1. As William Owen, Mistress Victoria, I suppose it could be argued that I deserve to dance the jig. But as Dudley Striker? Ungrateful nation to ignore the small matter of my saving the country single-handed from the Jacobite curse. I simply wish that Ebsworth would make up his mind, one way or the other. But I have a modest scheme of my own, and you can depend upon it that I shan't simply end my days in the gibbet!

  3. Oh, what a marvellous interview. William Owen, you are a most striking character - I'm delighted to meet you and hope your author ensures your speedy release.

    1. This comment has been removed by the author.

    2. Mistress Loretta? Give you joy of that exquisite name, my dear. Perhaps we might share a dish of geneva, a dash of diddle, at some stage - if you will forgive this rum dab for being so fro'ward. But you must call me Dudley, meanwhile. The name William Owen had now outlived its usefulness. And if I'm to escape the nubbing cheat, it must be under my true name - Dudley Striker. At your service, ma'am. Always!

    3. Oooh, very smooth, dear sir. I must confess, I am almost tempted. But la, I ever was attracted to a smooth-tongued rogue, and I fear no good would come of it. But, mayhap...well, who knows what the morrow may bring. (My husband, probably.) ��

    4. Oh, a fie upon all husbands, madam. And you think no good would come of such a tryst? Well...

  4. What a wily old fellow you are; perhaps you justly deserve to be rotting in jail. Although I suspect your author might come to your rescue yet - if you stop maligning him; because we here are quite taken with his talent.

    1. Old, sirrah? You said "old"? I collect that you have all grown bold as Nabobs in this strange world you now inhabit. But wily? Yes, I hope so, else I should not have survived so long among this Jacobite banditti. And I do not malign Ebsworth. He's not a bad fellow - for a scribbler. But do you know that he's never once killed a man? Never. How can that be?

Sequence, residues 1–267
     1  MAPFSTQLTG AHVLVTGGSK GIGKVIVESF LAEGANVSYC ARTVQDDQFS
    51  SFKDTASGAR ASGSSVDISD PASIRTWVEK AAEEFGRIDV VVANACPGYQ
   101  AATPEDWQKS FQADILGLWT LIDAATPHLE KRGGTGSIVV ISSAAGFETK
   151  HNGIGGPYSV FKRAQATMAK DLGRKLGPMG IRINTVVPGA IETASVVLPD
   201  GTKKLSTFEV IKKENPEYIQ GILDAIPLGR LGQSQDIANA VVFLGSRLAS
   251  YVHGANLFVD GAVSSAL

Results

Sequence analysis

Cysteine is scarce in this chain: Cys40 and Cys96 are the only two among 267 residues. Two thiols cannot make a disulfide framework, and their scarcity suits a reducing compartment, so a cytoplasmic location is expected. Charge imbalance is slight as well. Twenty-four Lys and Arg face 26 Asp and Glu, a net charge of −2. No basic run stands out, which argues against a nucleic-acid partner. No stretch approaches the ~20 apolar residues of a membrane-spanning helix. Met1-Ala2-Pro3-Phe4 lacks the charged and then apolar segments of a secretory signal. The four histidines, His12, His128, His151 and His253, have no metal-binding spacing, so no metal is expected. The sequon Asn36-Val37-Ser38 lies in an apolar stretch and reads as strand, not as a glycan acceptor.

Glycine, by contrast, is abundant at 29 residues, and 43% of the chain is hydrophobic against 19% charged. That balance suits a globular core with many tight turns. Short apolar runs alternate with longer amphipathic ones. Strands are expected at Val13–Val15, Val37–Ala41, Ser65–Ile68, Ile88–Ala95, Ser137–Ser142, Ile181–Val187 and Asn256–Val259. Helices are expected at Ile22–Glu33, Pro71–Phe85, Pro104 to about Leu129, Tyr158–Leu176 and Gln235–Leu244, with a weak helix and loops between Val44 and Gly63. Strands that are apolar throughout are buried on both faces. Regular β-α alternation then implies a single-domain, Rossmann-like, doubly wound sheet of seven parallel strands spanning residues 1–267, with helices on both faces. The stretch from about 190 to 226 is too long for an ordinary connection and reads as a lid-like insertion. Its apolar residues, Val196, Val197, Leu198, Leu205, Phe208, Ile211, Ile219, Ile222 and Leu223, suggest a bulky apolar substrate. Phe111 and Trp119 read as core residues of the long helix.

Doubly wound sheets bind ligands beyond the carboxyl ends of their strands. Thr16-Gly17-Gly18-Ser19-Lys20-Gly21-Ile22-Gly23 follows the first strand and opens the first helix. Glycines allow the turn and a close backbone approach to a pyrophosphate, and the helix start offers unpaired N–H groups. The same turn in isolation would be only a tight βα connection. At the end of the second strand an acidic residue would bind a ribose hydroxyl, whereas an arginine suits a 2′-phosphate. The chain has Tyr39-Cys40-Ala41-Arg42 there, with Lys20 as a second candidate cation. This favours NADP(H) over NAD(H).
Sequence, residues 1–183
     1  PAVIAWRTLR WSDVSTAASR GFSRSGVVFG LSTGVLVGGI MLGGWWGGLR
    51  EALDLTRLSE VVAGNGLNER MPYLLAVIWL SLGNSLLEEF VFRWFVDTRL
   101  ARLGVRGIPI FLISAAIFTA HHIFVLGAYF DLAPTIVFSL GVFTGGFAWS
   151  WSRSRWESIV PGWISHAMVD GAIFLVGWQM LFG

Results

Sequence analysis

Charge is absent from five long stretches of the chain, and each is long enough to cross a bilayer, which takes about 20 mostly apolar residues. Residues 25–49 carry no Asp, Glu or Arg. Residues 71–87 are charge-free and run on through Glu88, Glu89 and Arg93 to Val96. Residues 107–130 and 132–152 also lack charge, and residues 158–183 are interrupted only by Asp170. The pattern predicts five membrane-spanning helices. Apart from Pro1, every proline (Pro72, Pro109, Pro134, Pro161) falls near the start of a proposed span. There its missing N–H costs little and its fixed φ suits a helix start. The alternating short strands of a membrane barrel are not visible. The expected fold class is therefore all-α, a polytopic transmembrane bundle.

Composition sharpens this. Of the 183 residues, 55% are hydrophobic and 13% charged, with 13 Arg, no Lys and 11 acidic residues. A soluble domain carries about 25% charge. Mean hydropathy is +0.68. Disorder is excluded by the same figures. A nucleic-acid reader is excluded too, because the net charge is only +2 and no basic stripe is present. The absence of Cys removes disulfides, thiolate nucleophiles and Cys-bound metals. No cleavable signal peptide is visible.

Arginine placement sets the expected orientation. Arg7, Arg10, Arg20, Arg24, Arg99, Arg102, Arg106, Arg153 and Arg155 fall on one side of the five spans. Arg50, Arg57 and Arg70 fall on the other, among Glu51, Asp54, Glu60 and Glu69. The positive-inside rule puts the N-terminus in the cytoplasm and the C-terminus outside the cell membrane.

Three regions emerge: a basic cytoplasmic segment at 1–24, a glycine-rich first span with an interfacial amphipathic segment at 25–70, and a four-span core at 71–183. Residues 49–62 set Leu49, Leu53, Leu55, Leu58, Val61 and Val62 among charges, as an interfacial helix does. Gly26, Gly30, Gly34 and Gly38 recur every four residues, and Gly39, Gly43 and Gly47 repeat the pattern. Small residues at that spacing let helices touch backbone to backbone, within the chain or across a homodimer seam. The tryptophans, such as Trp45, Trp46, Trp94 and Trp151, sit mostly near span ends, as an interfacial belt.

5. So very interesting. You know your character so well.

    Meet My Imaginary Friends

  6. Thanks Kathleen. Just thought I'd try and get a word in edgeways before that peacock comes back. To be honest, villains like Dudley Striker are probably the easiest characters to write and remember. Or does that say more about me?? Hmmm. Oh, and please don't tell him I said "villain" - I'll never hear the end of it!

  7. I doubt not that you'll gain your freedom, set sail for the Colony of Virginia, right old wrongs, and be running the place in no time! And though a well traveled man of your sensibilities may find Virginians a tad provincial, and think Williamsburg a rather small place, I'll wager you'll find few places as beautiful.

  8. Williamsburg, sweet lady? Yes, I know it. Our own lands lay within the Northern Neck but, as a child, I visited Williamsburg twice. And you have the right of it! A pretty little place. But the Virginians I knew best were far from provincial. They were Lenapes, skarure-speakers of the Algonquian tongue. They taught me much that I now value. Stealth and forest-craft. The proper use of knife and axe. And, my pardon for your sensibilities, mistress, but we used them well, to give short shrift to those damn'd Catawbas when they took to the war trail and came a-calling upon our territories. But you tempt me, madam. Might it be impertinent to ask that, if I am able to return, I might find you waiting there - in Williamsburg? La! Such a thought.

  9. Hallo Dave, great blog! Very funny to hear a character getting his own back on his author!!

    1. It's fair enough, isn't it? I spend all my days making life impossible for them. Can't expect them to like it very much. Except that, with Dudley Striker, I always had this sneaking suspicion...

    2. It's fair enough, isn't it? I spend all my days making life impossible for them. Can't expect them to like it very much. Except that, with Dudley Striker, I always had this sneaking suspicion...

  10. Zounds! This secret society of scribblers that the faithless dog Ebsworth belongs to sounds the stuff of sedition itself and should be rooted out before it takes hold and threatens order in the land.